Inspiring Okeechobee: Jason Egli inspired students & friends

Posted 1/26/20

Special to the Lake Okeechobee News Jason Egli is pictured with his mom, Doris Egli.

OKEECHOBEE — This week’s Inspiring Okeechobee story is a tribute to Jason Egli, who taught English at …

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Inspiring Okeechobee: Jason Egli inspired students & friends

Special to the Lake Okeechobee News
Jason Egli is pictured with his mom, Doris Egli.

OKEECHOBEE — This week’s Inspiring Okeechobee story is a tribute to Jason Egli, who taught English at Okeechobee High School. He was suggested as a subject for the Inspiring Okeechobee series by multiple people, because of his upbeat attitude and his love for his students. Unfortunately, Mr. Egli lost his battle with cancer on Jan. 16. According to his mom, Doris Egli, his desire was to return to the classroom and teach, but God had other plans.

Mr. Egli moved to Okeechobee from Williamsport, Penn. in 2007 and began teaching at Okeechobee High School in August. When he was hired, he became an English teacher and was a coach for junior varsity boys’ basketball for three years and varsity basketball assistant coach for four years.

He taught for a year in Virginia before coming to Florida.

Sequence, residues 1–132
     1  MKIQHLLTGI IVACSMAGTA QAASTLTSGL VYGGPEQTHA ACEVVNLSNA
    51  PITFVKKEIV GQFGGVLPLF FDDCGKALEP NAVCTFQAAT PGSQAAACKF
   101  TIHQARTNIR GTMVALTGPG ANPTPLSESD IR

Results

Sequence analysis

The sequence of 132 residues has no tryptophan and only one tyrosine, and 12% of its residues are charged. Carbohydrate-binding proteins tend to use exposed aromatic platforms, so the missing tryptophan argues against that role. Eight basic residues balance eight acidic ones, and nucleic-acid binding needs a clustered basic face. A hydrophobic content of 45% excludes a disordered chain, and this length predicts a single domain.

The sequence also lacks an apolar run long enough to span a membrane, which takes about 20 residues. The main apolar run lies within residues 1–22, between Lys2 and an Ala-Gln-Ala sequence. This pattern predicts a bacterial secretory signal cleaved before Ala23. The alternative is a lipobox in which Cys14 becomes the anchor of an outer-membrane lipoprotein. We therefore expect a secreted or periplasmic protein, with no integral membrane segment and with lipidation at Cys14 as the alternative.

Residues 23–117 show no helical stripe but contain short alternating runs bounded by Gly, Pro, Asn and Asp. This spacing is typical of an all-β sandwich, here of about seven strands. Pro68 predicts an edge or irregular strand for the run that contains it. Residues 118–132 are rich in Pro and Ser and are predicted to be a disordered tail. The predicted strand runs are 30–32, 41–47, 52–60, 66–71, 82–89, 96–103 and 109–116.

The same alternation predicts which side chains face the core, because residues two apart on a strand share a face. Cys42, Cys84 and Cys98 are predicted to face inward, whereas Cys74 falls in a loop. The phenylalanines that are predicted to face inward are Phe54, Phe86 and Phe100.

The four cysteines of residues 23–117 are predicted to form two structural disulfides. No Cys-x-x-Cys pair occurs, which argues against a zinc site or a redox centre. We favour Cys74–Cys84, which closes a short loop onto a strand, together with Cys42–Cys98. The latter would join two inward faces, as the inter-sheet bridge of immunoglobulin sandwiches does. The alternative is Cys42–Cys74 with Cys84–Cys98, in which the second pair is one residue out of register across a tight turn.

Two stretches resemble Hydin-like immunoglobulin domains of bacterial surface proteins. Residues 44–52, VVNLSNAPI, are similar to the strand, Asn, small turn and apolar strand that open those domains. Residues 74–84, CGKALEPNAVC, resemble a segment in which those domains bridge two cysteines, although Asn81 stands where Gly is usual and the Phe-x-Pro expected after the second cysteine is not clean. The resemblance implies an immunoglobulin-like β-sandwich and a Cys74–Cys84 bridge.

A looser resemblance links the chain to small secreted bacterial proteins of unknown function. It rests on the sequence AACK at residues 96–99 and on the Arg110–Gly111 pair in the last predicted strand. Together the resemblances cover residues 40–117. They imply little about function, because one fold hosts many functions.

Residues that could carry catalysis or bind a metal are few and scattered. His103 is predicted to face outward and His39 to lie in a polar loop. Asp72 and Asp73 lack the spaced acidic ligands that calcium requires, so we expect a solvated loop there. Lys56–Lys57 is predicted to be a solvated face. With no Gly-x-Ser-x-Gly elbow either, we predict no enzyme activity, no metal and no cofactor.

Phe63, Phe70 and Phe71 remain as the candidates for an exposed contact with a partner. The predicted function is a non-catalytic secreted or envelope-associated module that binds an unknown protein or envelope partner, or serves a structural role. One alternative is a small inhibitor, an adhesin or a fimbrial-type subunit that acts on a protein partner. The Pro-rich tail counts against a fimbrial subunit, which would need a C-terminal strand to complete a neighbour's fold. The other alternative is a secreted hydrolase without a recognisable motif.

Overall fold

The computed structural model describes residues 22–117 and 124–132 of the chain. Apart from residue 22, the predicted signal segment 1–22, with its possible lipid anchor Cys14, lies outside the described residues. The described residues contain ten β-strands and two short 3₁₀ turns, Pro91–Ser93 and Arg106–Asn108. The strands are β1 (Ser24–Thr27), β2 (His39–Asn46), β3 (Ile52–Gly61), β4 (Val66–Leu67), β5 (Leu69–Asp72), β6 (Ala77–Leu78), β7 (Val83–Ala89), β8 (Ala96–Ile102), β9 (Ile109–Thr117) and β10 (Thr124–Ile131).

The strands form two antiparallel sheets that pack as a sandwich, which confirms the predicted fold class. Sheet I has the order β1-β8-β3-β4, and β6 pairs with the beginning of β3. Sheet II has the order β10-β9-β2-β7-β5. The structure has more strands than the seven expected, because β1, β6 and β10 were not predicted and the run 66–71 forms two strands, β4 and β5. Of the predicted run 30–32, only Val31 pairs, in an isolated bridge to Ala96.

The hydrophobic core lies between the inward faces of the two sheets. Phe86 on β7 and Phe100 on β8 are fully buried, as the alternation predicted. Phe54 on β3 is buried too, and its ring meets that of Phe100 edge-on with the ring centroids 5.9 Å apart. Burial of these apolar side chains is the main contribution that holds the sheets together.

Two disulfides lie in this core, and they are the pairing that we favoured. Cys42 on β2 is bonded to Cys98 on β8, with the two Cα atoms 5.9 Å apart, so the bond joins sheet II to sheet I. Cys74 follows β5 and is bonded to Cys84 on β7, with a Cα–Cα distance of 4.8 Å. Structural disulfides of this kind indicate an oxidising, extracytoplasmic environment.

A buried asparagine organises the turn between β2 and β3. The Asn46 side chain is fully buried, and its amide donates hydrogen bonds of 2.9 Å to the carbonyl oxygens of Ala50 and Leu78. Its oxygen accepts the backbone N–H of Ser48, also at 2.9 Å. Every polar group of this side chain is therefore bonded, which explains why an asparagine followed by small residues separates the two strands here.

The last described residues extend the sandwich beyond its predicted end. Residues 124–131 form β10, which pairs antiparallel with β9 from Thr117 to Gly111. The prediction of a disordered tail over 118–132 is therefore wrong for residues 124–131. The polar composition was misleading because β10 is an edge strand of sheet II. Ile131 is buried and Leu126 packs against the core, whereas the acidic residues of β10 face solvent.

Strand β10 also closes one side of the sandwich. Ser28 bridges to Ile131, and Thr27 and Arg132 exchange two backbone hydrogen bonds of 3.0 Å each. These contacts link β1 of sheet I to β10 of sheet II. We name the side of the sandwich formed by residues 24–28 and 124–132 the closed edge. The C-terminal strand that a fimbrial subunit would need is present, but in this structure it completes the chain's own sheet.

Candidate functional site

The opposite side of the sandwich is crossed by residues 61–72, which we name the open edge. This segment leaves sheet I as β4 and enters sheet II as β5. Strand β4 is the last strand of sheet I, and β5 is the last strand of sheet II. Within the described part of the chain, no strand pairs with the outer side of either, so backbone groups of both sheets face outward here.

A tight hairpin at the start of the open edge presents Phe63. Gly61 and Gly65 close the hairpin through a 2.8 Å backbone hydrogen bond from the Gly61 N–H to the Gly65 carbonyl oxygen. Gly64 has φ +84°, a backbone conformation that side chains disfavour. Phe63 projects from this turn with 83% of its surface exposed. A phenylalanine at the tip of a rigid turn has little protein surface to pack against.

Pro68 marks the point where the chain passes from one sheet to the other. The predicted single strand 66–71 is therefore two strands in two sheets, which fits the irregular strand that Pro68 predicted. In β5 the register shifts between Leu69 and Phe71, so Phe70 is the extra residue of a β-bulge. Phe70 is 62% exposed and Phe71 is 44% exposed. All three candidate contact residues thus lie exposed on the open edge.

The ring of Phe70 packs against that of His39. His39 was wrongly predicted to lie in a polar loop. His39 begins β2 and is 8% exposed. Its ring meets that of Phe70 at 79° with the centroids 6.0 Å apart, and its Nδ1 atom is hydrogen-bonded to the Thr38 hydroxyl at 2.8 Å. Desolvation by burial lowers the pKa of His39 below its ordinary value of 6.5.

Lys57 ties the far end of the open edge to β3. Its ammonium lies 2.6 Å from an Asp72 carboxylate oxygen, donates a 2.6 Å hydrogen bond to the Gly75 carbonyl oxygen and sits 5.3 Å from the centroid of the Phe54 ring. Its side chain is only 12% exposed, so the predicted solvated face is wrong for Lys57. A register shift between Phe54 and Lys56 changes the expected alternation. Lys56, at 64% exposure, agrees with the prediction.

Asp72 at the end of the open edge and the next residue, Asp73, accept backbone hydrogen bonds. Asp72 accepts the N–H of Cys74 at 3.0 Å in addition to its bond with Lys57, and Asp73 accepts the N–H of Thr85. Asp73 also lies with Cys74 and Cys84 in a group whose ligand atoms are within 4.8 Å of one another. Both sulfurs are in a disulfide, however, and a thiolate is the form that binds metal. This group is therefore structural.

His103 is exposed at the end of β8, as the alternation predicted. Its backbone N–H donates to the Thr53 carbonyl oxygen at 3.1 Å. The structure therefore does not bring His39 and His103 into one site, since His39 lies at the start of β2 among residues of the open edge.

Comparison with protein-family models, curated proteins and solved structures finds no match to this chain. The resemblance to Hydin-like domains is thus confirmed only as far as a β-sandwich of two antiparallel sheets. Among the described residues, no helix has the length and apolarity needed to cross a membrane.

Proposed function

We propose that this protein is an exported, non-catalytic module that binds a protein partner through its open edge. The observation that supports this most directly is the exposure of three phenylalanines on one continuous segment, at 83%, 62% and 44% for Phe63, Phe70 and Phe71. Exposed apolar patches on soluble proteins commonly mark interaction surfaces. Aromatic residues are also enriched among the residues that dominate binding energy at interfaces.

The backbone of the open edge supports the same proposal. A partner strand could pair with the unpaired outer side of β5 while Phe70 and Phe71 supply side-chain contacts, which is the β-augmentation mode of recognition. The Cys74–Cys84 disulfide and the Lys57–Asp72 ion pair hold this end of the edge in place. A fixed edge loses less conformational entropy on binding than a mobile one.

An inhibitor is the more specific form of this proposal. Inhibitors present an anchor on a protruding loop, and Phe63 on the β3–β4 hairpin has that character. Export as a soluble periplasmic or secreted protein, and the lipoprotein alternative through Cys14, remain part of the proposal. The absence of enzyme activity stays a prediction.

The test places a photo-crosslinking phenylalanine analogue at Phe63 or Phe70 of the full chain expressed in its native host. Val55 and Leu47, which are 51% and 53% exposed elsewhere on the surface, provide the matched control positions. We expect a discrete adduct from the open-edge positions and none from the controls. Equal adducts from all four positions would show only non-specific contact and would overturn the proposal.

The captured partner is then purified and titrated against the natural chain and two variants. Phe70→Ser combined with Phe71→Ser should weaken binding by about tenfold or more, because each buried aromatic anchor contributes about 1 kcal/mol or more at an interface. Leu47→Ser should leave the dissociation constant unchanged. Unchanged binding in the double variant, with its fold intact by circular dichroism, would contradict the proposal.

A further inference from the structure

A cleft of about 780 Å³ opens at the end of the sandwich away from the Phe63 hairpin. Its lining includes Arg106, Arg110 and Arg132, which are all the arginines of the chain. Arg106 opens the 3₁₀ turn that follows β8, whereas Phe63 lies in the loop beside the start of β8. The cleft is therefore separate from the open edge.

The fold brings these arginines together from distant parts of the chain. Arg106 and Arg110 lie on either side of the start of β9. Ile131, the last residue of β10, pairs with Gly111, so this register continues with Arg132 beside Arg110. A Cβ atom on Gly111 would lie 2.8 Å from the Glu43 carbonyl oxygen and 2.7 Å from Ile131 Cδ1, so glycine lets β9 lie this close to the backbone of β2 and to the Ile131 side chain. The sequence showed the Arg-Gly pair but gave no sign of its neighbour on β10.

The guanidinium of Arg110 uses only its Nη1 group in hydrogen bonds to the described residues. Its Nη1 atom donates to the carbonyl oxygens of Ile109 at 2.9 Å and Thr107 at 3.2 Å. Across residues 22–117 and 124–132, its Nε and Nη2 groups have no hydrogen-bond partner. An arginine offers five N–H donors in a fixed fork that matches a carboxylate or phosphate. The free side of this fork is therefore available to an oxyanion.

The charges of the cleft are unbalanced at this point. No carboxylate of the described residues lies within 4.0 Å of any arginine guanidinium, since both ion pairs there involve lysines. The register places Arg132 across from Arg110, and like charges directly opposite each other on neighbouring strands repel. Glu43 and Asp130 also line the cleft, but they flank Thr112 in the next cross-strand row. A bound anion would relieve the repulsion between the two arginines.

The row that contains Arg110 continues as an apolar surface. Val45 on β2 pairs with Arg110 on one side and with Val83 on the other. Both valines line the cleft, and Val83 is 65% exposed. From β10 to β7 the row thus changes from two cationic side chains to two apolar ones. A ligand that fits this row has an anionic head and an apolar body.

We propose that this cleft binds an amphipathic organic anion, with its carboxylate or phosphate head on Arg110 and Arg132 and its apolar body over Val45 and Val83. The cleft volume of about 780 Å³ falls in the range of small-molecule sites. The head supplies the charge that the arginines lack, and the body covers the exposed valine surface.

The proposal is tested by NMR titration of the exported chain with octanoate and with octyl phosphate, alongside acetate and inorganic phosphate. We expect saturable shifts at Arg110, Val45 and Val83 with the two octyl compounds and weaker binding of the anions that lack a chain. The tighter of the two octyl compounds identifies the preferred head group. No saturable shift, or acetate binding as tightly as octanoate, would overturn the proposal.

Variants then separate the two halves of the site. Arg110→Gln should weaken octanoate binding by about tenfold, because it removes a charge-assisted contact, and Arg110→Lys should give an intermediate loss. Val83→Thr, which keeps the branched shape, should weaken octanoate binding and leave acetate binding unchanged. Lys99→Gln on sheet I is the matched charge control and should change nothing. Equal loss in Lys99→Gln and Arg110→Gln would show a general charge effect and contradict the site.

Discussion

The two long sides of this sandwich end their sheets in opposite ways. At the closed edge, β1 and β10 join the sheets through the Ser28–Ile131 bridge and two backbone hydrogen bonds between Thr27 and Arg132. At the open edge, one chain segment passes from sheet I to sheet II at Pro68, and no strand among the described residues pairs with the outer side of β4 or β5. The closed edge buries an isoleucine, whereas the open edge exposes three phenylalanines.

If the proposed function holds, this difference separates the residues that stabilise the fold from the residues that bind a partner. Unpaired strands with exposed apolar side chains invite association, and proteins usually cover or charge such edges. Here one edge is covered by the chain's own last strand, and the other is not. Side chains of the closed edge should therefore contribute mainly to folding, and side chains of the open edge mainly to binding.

When he first got to Okeechobee, he was very active and healthy despite the fact that he had been injured in high school during a basketball game and broke his neck. He was paralyzed for a time, but fought his way back from that until he was fully recovered. He was a real fighter, said his friends.

Basketball was his favorite, but he played racquetball and tennis too.

When he was diagnosed with Colorectal cancer, and his life began to change. The doctors gave him about five years to live, and he started treatments, all kinds of treatments. His mom drove him to the Cleveland Clinic and took him to different trials for experimental treatments. Any research or trial ever mentioned, he was there. He refused to give up, said his friends.

Special to the Lake Okeechobee News
McCready was Mr. Egli’s service dog.

Through it all, he continued to teach. They had substitutes come in occasionally, as needed. He finally retired in December.

You would never realize he was sick if he didn’t tell you, said his friend Dawn Martin. “He always took time for his students. He listened to them rather than just teaching them. He was always looking for a way to make other people smile. His illness didn’t define him. He had a positive outlook on life.” Even his Facebook posts were always positive. For Christmas, he had a sign made for his mom proclaiming, “Every little thing’s gonna be all right.” This was Mr. Egli’s motto, she said. He lived by it every single day. One of his coworkers said everyone who left his classroom left with a smile. “He had such a great sense of humor and was very quirky.”

His friend and co-worker Willie Welch said they started teaching at OHS together in 2007 and coached basketball together. “He was a very good musician too. He was very loving, caring and unselfish.”

Another friend, Shawn Hays, said, “ Jason had an unbelievable ability to connect with his students and players. His door was always open to anyone who walked through it.”